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diplomacy happens behind closed doors. it's very difficult to figure out what these two senators accomplished and this a classic standoff here in egypt where you have these two sides digging in and you can easily see how each side views any concession made to the other side as defeat. so the key moving forward is what's going to give? is either side going to back down in hopes that there's going to be some reconciliation to avoid what has been a very, very violent conflict, wolf. >> reza sayah in cairo for us, thank you. >> jessica yellin has been looking into this. they sent mccain to cairo. does the white house feel pressure to change its position on calling this a coup? >> reporter: wolf, according to the white house officials i'm talking to and administration officials, no, they don't.
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mccain and graham, those two senators, called it a coup from the start. so the administration simply is not surprised that they did it again. sources tell me those two senators are not pressuring administration officials to follow their lead and there's no growing chorus calling for the president to do so. then why is it that the administration has avoided calling it a coup in general? well, doing that could alienate the administration from egypt's military leadership and from the millions who have supported them in the streets. also by law, if it's a coup, the u.s. would have to cut off u.s. aid to egypt are more than $1.3 billion annually. that is spent in the u.s. and could have ripple effects in our economy, not to mention destabilizing shocks across egypt and the middle east. now, there have been exception. the u.s. called the power shift in honduras a coup and continued aid but that's a very different example and not in a searing spotlight like egypt is. >> secretary of state john kerry
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said what the military did was restore democracy, i'm paraphrasing a bit, in egypt, clearly very different than a coup. i know you're in phoenix. the president just delivered a speech there on housing. what was the headline? >> he outlined a plan to wind down the mortgage giants fannie may and freddie mac, which you'll recall needed a massive government bailout and they back most homeowners in this nation. the president's plan to help revive the housing market and help homeowners fell very short. now that the market is coming back, he can start looking at these kinds of proposals. from here he is headed to "the tonight show" with jay leno where he could take questions on diplomatic security, benghazi, egypt, maybe even how he celebrated his birthday this past weekend.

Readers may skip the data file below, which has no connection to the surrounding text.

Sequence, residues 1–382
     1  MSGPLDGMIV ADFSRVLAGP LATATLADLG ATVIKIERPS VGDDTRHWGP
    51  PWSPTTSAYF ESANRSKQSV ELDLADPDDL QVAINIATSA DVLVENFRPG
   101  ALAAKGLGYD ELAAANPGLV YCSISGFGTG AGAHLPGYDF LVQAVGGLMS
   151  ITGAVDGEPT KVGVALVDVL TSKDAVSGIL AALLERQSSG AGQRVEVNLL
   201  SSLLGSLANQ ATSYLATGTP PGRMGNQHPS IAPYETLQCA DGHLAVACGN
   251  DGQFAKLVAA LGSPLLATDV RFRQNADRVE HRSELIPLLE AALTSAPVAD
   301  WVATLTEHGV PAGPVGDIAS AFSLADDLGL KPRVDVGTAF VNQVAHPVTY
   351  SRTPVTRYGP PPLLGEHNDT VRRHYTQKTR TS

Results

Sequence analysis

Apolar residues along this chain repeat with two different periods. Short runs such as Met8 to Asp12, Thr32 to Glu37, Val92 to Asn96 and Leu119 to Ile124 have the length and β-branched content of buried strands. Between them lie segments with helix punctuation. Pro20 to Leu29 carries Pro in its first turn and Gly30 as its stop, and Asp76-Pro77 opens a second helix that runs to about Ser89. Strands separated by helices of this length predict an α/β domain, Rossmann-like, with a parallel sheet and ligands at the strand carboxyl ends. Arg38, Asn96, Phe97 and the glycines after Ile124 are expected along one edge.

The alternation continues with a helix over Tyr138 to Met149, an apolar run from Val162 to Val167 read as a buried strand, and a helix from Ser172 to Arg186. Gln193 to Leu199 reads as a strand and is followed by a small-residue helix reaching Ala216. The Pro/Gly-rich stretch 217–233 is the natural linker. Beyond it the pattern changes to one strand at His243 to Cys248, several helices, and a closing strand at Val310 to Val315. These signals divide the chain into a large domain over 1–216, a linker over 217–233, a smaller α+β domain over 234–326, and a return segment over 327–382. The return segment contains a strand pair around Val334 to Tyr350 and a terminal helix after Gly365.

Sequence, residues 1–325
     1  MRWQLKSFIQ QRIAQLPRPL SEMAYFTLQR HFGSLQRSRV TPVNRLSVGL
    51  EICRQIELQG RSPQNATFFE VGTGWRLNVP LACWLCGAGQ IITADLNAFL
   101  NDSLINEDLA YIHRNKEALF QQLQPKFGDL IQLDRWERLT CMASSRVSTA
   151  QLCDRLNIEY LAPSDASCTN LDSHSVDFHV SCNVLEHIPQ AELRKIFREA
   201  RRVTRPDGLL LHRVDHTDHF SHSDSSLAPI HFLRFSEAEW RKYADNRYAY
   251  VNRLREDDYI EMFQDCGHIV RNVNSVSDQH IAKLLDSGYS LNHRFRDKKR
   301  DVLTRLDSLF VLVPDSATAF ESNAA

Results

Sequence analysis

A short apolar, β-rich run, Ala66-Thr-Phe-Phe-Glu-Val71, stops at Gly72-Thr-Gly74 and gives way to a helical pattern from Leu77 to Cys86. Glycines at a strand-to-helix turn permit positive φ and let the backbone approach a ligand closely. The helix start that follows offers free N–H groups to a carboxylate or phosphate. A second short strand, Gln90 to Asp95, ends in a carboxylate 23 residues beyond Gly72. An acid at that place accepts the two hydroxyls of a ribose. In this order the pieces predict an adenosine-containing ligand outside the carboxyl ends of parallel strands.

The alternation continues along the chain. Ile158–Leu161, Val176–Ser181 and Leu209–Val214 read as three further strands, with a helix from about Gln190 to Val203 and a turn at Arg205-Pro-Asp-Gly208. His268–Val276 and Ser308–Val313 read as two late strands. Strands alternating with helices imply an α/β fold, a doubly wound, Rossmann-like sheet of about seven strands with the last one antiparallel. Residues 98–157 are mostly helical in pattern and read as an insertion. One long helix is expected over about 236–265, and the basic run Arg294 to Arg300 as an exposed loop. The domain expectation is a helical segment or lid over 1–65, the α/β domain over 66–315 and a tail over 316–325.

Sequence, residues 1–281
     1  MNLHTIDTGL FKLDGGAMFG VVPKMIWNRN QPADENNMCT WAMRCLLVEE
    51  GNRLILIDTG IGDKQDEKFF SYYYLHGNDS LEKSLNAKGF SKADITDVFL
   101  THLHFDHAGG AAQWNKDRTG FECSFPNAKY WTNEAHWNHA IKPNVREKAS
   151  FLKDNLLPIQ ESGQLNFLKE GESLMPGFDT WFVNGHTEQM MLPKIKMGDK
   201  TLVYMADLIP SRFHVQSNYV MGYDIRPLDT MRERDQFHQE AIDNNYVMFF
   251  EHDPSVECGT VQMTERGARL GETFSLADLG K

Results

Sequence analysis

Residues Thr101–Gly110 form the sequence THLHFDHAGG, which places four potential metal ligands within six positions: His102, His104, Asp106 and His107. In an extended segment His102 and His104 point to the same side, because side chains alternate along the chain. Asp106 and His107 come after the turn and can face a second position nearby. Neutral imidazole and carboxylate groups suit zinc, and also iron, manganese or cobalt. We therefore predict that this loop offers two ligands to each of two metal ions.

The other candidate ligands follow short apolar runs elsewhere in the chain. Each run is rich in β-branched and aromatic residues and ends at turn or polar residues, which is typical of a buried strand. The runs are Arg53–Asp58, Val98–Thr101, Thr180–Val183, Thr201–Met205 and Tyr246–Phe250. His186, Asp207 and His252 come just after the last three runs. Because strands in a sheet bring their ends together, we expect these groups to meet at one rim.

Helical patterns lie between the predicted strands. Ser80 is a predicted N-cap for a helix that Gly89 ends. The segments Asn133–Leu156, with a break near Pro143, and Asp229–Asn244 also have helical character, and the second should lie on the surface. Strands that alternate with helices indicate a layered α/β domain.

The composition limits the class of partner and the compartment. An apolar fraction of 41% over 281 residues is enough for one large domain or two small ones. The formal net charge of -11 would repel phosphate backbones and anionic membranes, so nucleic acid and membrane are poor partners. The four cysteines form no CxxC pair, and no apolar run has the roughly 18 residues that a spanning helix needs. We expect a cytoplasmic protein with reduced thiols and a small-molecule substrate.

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>> i expect all those questions could come up. thank you very much, jessica yellin, traveling with the president. >> coming up, two boys strangled to death in an apartment by a giant snake. and we also have new details on that rough landing, nose gear collapse at new york's laguardia airport. what federal investigators are now saying. "we work directly with manufacturers," "eliminating costly markups," "and buy directly from local farmers in every region of the country." "when you see our low prices, remember the wheels turning behind the scenes, delivering for millions of americans, everyday. "dedication: that's the real walmart" ♪ the middle of this special moment and i need to run off to the bathroom. ♪ i'm fed up with always having to put my bladder's needs
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i'to guard their manhood withts trnew depend shields and guards. the discreet protection that's just for guys. now, it's your turn. get my training tips at guardyourmanhood.com here's a quick look at some of the other top stories coming into "the situation room" right
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now. at least 30 people are dead, 100 wounded after a series of bombings across baghdad. police say at least six neighborhoods were hit and most explosions took place in shiite areas. july was the deadliest month in iraq since 2007. more than a thousand iraqis died in terror attacks in july alone. >> authorities say a 25 th person has dade from injuries suffered from tornado outbreaks in moore, oklahoma. a woman who suffered what doctors call blunt force trauma to the head passed away on thursday. >> the pilot who had the nose wheel collapse was attempting only his second landing at laguardia airport. national transportation safety board says both pilots were experienced and there were no malfunctions on the plane.
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the plane came in nose-wheel first. >> new developments in the da t deaths of two canadian boys by a loose python. the snake was being kept in the upstairs apartment where the boys were, not in the reptile store downstairs. the boys, ages 4 and 6, were sleeping when the snake strangled them. >> translator: the snake apparently slithered through a hole in the ceiling, allowing it to escape into the ventilation shaft and once the snake was at the height of the living room, apparently a pipe broke and the snake fell into the living room. >> the same news conference the boy's uncle described their last day which included a trip to a friend's farm. >> the two families,